From the porch of Craigleigh, his 13-acre estate in the Rosedale area of Toronto, Osler looked out at a Canada that was very different from the one he had known as a boy and as a young businessman. He understood the changes that had taken place in business. Finance capitalism, in particular, had emerged as a critical component of national development. In 1921, at age 76, Osler retained a high corporate status beyond his bank and Osler and Hammond, as the president of three companies, vice-president of another, and a director of eight.
Within his family circle, his wife had passed away in 1910, and his brothers, Featherston, Britton Bath*, and Sir William*, predeceased him. Sir E. B. Osler died at Craigleigh in 1924. He left an estate worth almost $4 million and a most unusual will. In his final years he had evidently written letters to friends and acquaintances promising money in recognition of their support; a special fund was set up from his estate to cover these obligations. All claimants had to do was present Osler’s letter and his promise would be made good.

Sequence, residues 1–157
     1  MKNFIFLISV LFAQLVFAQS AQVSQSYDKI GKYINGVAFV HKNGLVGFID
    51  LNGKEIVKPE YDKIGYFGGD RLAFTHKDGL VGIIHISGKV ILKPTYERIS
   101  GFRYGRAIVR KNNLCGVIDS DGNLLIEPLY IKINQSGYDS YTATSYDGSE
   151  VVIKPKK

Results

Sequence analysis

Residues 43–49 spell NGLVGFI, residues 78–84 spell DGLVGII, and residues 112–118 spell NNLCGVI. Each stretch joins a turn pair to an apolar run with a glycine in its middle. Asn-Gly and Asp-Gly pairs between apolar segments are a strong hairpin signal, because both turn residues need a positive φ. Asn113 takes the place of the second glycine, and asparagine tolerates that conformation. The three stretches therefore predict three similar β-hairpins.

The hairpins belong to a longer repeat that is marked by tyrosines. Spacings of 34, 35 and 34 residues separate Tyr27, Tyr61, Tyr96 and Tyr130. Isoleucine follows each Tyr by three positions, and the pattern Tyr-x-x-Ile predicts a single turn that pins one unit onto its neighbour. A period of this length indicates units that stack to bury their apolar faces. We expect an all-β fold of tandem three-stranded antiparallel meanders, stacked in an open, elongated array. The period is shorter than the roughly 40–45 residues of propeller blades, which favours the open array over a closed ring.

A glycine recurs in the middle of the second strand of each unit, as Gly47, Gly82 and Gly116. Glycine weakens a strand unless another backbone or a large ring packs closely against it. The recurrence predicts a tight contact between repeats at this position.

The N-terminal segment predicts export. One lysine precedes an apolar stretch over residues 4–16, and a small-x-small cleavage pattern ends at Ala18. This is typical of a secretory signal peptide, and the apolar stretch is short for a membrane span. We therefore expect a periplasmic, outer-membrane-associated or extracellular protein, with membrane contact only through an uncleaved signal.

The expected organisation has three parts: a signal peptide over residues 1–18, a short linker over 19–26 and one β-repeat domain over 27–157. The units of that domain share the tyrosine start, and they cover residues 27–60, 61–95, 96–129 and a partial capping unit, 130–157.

[Few primary sources have survived that reveal much about Osler’s domestic, business, and political life. Some details have been gleaned from materials in the Toronto Dominion Bank Arch.; the Biog. scrapbooks at the TRL; the Borden papers (MG 26, H) and W. C. Good papers (MG 27, III, C1) at the LAC; and the William S. Fielding papers at the NSARM (MG 2, 422-541, 784-90(B)). j.a.t.-e.]